The mysterious machinations are more political, but no less deadly, in Metal Gear Solid 2: Sons of Liberty, for PlayStation 2. Terrorist forces have acquired the plans for the nuclear tank known as Metal Gear, and only soldier-spy Solid Snake can stop them. Old enemies with new secrets return to taunt the lethal loner. Stealth and action complement an intriguing storyline, creating a cinematic gameplay experience for mature audiences.
The PlayStation 2 propagates another franchise with Gran Turismo 3. This simulation racer allows players to compete with cars they could never otherwise afford, from makers such as Ford, Dodge, and Shelby. These high-powered machines come with an appropriate price tag, requiring gamers to work their way up through smaller races, earning the cash to purchase and customize better cars. GT3 features some of the best graphics of any racing title with gameplay that's largely unchanged since the first Gran Turismo.
Too realistic for you? Add some vehicular weaponry and mission-based gameplay to get Midway's Spy Hunter, also for PlayStation 2. The G-6155 Interceptor vehicle, with its oil slicks and missile launchers, is the only tool equipped to stop the Nostra crime syndicate from plunging the world into darkness. This game only slightly resembles its 1983 predecessor of the same name, but is a lot of fun in its own right.
It may seem like the PlayStation 2 has most of the good games — but that's about to be challenged by two new video game systems that launched just in time for Christmas. Though lacking the extensive software library of retail veterans PlayStation 2 and Sega Dreamcast, the Microsoft Xbox and Nintendo GameCube still have some excellent games from which to choose.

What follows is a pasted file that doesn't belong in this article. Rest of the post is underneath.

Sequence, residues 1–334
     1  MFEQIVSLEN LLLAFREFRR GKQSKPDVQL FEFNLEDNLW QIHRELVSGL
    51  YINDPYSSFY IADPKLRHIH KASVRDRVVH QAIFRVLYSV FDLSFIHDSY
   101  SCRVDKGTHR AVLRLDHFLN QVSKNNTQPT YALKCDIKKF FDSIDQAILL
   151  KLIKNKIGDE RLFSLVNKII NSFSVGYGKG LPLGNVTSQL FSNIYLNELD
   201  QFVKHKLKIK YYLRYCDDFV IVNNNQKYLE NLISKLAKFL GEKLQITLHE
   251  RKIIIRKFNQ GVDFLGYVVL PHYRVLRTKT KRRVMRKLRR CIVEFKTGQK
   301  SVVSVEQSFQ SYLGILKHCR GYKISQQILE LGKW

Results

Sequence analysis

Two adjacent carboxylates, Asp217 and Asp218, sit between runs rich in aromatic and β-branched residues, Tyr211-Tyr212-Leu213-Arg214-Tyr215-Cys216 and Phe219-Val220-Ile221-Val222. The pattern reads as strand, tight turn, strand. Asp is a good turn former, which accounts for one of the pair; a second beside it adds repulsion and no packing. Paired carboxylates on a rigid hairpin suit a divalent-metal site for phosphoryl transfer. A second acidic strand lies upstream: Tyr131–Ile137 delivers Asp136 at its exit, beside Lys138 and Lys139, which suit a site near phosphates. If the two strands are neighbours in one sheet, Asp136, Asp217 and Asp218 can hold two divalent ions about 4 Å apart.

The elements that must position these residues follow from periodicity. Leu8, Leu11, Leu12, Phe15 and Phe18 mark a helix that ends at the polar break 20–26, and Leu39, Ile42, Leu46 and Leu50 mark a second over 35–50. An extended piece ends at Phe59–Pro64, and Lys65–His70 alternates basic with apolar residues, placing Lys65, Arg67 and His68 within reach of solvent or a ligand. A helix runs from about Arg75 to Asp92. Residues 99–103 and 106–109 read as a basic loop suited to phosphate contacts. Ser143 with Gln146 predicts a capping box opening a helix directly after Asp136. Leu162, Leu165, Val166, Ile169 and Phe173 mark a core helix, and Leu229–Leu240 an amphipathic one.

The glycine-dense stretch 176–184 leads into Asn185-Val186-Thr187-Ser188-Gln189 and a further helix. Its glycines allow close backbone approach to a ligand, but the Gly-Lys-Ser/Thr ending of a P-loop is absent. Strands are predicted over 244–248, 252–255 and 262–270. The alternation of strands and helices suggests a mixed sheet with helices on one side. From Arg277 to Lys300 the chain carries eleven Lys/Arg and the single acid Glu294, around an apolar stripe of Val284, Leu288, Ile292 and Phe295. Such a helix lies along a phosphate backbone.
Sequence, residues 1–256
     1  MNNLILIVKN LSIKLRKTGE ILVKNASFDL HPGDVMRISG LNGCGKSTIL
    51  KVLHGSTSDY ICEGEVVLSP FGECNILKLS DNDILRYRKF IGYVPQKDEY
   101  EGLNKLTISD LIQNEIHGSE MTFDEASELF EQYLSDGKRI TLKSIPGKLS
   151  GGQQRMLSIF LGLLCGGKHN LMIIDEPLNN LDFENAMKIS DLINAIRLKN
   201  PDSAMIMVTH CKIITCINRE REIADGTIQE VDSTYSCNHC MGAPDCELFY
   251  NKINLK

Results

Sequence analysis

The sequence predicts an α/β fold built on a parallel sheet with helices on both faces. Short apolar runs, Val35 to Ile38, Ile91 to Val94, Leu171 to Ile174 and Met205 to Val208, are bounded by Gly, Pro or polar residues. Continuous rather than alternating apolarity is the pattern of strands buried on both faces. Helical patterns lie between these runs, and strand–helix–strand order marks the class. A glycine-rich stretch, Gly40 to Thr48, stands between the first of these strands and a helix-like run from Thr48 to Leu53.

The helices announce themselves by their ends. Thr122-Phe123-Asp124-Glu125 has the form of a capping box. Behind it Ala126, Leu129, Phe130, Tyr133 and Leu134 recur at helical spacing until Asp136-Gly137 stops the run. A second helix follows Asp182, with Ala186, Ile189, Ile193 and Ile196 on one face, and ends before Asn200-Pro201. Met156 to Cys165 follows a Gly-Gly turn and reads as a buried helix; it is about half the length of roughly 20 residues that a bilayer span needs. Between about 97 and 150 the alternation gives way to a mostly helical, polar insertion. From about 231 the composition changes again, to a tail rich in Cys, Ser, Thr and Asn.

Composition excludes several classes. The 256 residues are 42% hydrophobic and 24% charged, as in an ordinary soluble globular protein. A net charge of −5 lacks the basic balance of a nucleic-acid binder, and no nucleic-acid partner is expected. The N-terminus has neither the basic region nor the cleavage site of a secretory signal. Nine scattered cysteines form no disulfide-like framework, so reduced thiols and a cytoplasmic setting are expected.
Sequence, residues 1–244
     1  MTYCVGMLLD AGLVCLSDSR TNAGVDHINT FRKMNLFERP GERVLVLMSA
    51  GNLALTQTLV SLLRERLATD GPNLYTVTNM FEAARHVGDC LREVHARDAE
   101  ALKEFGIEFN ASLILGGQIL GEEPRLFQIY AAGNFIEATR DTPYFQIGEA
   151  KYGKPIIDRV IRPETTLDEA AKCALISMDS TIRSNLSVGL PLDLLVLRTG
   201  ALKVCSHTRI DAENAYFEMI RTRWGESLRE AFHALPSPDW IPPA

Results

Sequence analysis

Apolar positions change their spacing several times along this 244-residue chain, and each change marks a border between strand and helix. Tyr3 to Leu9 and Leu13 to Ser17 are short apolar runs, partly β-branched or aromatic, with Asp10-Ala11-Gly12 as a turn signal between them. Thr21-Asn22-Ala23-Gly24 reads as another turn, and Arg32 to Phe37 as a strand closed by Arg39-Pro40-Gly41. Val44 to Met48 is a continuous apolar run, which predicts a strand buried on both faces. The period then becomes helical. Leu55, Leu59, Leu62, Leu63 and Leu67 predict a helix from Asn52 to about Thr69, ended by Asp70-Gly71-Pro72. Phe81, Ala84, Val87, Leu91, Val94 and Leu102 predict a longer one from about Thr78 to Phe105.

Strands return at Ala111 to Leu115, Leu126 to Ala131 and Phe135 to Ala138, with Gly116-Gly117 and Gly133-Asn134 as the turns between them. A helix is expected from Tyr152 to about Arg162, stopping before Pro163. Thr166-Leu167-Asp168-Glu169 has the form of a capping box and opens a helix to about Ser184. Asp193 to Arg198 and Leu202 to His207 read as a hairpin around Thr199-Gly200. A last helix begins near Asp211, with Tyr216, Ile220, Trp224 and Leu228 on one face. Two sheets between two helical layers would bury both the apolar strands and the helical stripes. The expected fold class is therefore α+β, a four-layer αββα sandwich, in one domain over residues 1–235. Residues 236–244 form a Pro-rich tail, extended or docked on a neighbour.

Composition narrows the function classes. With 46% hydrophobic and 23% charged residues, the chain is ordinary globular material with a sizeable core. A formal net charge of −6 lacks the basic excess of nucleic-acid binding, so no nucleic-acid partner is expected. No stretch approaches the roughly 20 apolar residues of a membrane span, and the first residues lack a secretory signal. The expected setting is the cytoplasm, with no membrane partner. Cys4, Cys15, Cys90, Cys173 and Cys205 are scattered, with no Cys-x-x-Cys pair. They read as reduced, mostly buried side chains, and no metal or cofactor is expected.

Nintendo's software includes their gallery of popular characters. In Luigi's Mansion, Mario is the one in need of saving by his brother, who's equipped with a vacuum in the role of ghostbuster. It's a lighthearted romp through a spooky manor in the GameCube flagship title.
If you'd rather engage something more solid than spirits, grab three friends and duke it out in Super Smash Bros. Melee. Starring practically the entire Nintendo lineup, including Mario, Pikachu, Donkey Kong, and Link, Super Smash Bros. features a simple control scheme that anyone can master without practicing for hours.
The Microsoft Xbox also has its share of exclusive titles. Dead or Alive 3 by Tecmo is a gorgeous 3D fighting game. Incredibly detailed, interactive environments and a smooth fighting system make DOA3 one of the first reasons to own an Xbox.
Halo is the long-awaited first-person shooter by Bungie. Set on a distant planet where humanity fights for survival against the Covenant alien race, Halo combines the best elements of action games such as Quake and Rainbow Six.
There will be plenty of game manufacturers fighting for survival this Christmas as well, but gamers need not go hungry. Nintendo, Sony, Sega, and Microsoft have provided holiday shoppers with ample choices that will suit all tastes and gamers, young and old.
This article is copyright (c) 2001, 2007 by Ken Gagne. All rights reserved. Not to be distributed without permission.
Original publication: Sentinel & Enterprise, 03-Dec-01